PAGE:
Datamining: we look for correlations which allow us to make recommendations, or suggest better choices.
You can already see how this applies to HeavyInk: first, we can tune our website over time to make it easier to use, and second, using information about how you rate comics, and authors and artists (yes, you can rate and leave reviews on lots of things besides just comics!), we can start to make predictions about new things that you might like, and recommend them to you.
The recommendations aspect was actually one of the core features that I wanted to deliver in HeavyInk: because I'm a comic book fan with slightly out-of-the-mainstream tastes, I often find it hard to get good recommendations for new things to read (the owner of the local comic book store that I used to go to had "The Fantastic Four" as an
answer to every
question)...so I really wanted to deliver this feature.
SPURGEON: What does "inspired by their model" mean? To my uninformed ear, that just sounds like you ripped them off, Travis.
After Netflix pioneered the model, a lot of folks followed in their footsteps: Blockbuster, GameZnFlix, Redbox, GreenCine, CinFlix, etc., etc., etc., all the way down to a bunch of niche folks renting out, say, just martial arts DVDs. So, we were one of this crowd, but more successful than most, and I think the reasons that we were more successful were:
* excellent customer support
* good bargains for customers -- rent a $90 dvd for $9.99.
* willingness to be bold and really take bets on expanding into the space (mortgaging my house and buying hundreds of thousands of dollars of inventory)
* doing something somewhat different (the whole how-to angle -- not just another clone of Netflix offering nothing but mainstream movies)
* good online advertising
* a blog and newsletter with interesting stuff -- customer interviews, vendor interviews, a column by humor writer James Lileks, etc.
* lots of experimenting with the website to see what works best for people
* fiscal discipline in ramping up the company (although this sort of contradicts the "willingness to be bold" up above!)
SPURGEON: Travis, can you provide some actual figures as to what your goals were that you claim to have met?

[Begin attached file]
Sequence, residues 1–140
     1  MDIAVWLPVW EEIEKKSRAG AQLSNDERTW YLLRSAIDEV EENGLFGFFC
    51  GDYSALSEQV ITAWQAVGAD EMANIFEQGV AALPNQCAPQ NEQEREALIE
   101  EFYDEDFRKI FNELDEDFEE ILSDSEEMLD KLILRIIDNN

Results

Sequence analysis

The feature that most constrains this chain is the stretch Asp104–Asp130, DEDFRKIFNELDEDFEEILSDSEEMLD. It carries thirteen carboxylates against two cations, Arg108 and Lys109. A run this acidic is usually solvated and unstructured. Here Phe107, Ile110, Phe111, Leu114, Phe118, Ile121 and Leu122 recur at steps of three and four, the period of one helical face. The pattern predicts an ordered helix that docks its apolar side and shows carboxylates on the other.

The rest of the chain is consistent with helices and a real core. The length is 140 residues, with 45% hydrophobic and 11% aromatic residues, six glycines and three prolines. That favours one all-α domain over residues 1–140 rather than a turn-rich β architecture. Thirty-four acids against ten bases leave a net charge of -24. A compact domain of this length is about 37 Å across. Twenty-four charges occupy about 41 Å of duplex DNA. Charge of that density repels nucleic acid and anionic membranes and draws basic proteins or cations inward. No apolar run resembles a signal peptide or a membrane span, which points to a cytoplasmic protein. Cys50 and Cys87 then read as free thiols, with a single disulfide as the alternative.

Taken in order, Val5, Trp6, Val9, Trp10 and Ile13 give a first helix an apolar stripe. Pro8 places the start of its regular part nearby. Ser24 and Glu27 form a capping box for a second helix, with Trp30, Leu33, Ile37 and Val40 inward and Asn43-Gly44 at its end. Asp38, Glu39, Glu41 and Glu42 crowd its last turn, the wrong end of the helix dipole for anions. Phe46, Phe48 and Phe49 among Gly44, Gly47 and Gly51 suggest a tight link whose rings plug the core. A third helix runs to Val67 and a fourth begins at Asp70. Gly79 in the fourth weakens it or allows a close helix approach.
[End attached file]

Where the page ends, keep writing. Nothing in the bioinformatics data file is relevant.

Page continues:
We wanted to have 100 customers in November, and then get 70 percent growth in December, then 30 percent growth in January, February, March, and April (so that by the end of April we'd have a bit less than 500 customers).
In fact, we've got just short of 2000 customers.
We're exceeding our sales goals as well -- this month's sales annualize to $120k/year -- but by a smaller margin. All in all, this is great news. Those customers who are signed up, but aren't (yet) buying are deep in the sales funnel: we've got their interest, we've got their names, they've opted into our newsletters and our social network, they stop by to read author interviews, etc.
SPURGEON: Are you in the black on the project overall at this point?
The plan from the get-go was to break even on sales (sale price minus cost of goods, shipping labor, envelopes and postage) for the first two years, and consider requiring minimum shipments size for free shipping in 2010 or so.
In fact, we're slightly exceeding that break-even goal.
Of course, there's a significant engineering effort involved, and 2000 customers don't let us pay the salaries of our engineers ... so we're deep in the red on that score (which was the plan all along). This is a long-term investment, and we'll earn back the cost to build the site after we've grown a fair bit. Two years from today we expect to have 18 times the volume we have right now, and at that volume, if we can tweak shipping expenses or negotiate a slightly better deal on purchasing our inventory, so as to increase our profit from roughly 1 percent to roughly 10 percent, then suddenly we're not just paying our engineers, we're making a profit, and paying back our initial investment.
Of course, that's an audacious goal -- not many comic book stores are doing $2 mil/year in revenues... but given our experience, our customers' enthusiasm, and our growth to date, we're quite confident we'll hit that goal.
SPURGEON: How much volume do you have to do in a sales month to pay overhead and operational expenses while offering 20 percent discounts and free shipping?
Because of our volume, we're getting a pretty nice discount tier on our inventory and on our shipping supplies (50 percent off of list for boxes, etc.), and because of our experience in shipping and our facility with navigating USPS regulations (having a USPS permit imprint account, a USPS business reply account, knowing about pre-sort discounts, etc.) our postage costs and labor costs are lower than those of most folks in this business.